For most of my career, I’ve been an ‘ad guy.’
My career in advertising began in June of 1998, when I had hopes of getting hired at one of the famous big agencies: JWT, TBWA, Ogilvy, BBDO, DDB, FCB.
After some healthy pavement pounding, I was offered a job at Ogilvy, but ended up turning it down for an entry-level position with Kirshenbaum Bond & Partners.
I chose Kirshenbaum Bond & Partners* not just for its breakthrough work as a creative boutique, but because I believed that a culture of innovation and creativity could not be manufactured.
Rather, it had to be embodied by the people around you. It had to be part of the leaders.
Today, I’m still an ad guy, albeit in a different form, working as Head of Marketing for multi-channel customer relationship & loyalty startup CrowdTwist. Regardless, I’ve paid my agency dues and I’ve earned the right to rant. I won’t get in to the failings of executive leadership or holding companies, illicit affairs, internal politics, overinflated egos or washed up talent collecting large salaries. That stuff exists everywhere and frankly, I’m over it!
Instead I want to talk about how it’s possible that an industry once widely lauded for its creativity has lost to a host of small boutique firms and incredible start-ups. Why did the agency business fail to innovate with the dawn of technology? I know what you’re thinking – I’m overstating the problem. But I’m not. Sure there are a number of incredible shops. I’ve worked for some, one is an investor in my current company, and more are rising everyday. I’m talking instead about the leaders who’ve largely lost their bearings and desire to lead.
I’d like to identify the five qualities I believe have destroyed agencies overall:
They failed to connect. The shift from traditional agency to the digitally capable took far too long. In the midst of sea change, agencies focused on what they knew rather than exploring areas that they didn’t. When they finally expanded into digital, they focused on integration rather than innovation, which translated into taking traditional assets and “putting them online”. I’ve seen the dysfunction of the digital vs. traditional side of the business. It should never have been a separate business. Marketing is about messaging. Messaging is not channel specific. Reach people everywhere. Well, you’ve failed.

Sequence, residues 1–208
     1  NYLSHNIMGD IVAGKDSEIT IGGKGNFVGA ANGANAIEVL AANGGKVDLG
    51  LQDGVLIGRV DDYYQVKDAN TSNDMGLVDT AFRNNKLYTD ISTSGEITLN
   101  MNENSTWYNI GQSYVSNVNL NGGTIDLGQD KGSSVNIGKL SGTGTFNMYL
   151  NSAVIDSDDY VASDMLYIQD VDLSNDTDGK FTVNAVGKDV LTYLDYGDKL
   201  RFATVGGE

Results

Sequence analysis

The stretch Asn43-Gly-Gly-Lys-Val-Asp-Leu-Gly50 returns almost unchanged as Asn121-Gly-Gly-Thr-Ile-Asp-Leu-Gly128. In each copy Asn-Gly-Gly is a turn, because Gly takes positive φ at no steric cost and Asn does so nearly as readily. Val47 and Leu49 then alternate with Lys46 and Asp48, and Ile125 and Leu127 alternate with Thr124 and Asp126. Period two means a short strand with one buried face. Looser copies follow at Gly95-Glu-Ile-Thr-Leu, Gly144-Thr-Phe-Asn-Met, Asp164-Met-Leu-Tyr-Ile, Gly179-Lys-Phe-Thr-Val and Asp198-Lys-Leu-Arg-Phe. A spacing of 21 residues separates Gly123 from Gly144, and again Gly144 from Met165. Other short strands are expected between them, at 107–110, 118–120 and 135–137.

They failed to innovate. RGA and their client Nike are true innovators. They’ve built leading ideas that extend online and off, even on-body and off. But they’re an exception. Agencies have preserved margins at the expense of their craft. Rather than rethink the possibilities of the digital channel, they’re still running banner ads that return .25% response. Really! Is that the best you can do? Innovating means rethinking, re-approaching, re-defining and not re-using. The next time someone suggests you re-use a deck from another business, refuse. Tell them you’d like to innovate.
They failed to listen to the new generation of workers. Young professionals entering agencies are the same people that have grown up with technology as appendages to their lives. Why are agencies not making new employees the most valuable assets on their pay role? Instead they’re underpaid and overworked so folks in the big offices can play Angry Birds on their iPhones or iPads because they sure as hell have no idea what else they can do with a mobile platform.
They’re over-complicating everything. I’ve worked for several leading “digital at the core” agencies and I remain in shock at how complicated they make everything. Innovation requires looking at a problem, assessing the solutions, deciding what to do and then doing it. The over-leveled, vertical structure of the agency business makes it impossible to move on a dime and that’s the speed of innovation. Every site they launch is still plagued by errors that should’ve been solved 8 years ago. It’s time to start moving not trying to figure out mobile app development.
The holding companies crushed moral, innovation and investments in progress. For years, holding companies have bought assets, labeled them ‘innovation purchases,’ then pushed leadership to sell those services under the guise of innovation to an existing client base. Selling clients on assets you own is a liability and a conflict of interest, especially given the innovation bleed-out process that happens every time these assets are purchased: invest, systems integration, re-alignment of priorities (aka layoffs), budget cuts (aka restructuring), spending freeze (aka no innovating). It happens over several years but the result is clear and consistent: things that once were leading now are bleeding.
Agency leadership should be setting their sights on integrating and learning from the amazing talent that’s in the start-up community. What’s going to be next? Where are things headed? How can you work with the next Facebook now?
New talent should be vocal about what’s hot and what’s not. Instagram… I heard about it two years ago from two incredible young creatives. Sold for $1 Billion dollars. They were onto something and the agency EVP couldn’t even consider including it in a pitch.
Look for new shows and innovation summits. AdAge Digital, Internet Week…sure they’re great, but try something different. Look for the small guys. The emerging shops that are building incredible technologies and are innovating across entire industries, not just channels. Enough with social or mobile solutions, retargeting, or pre-roll.
And that’s it. Well not really but if you start there and we can always reassess how well you’re doing in 12 months. Innovate or die. Seems like there’s only one option.
*In full disclosure, KBS+P Ventures is an investor in CrowdTwist.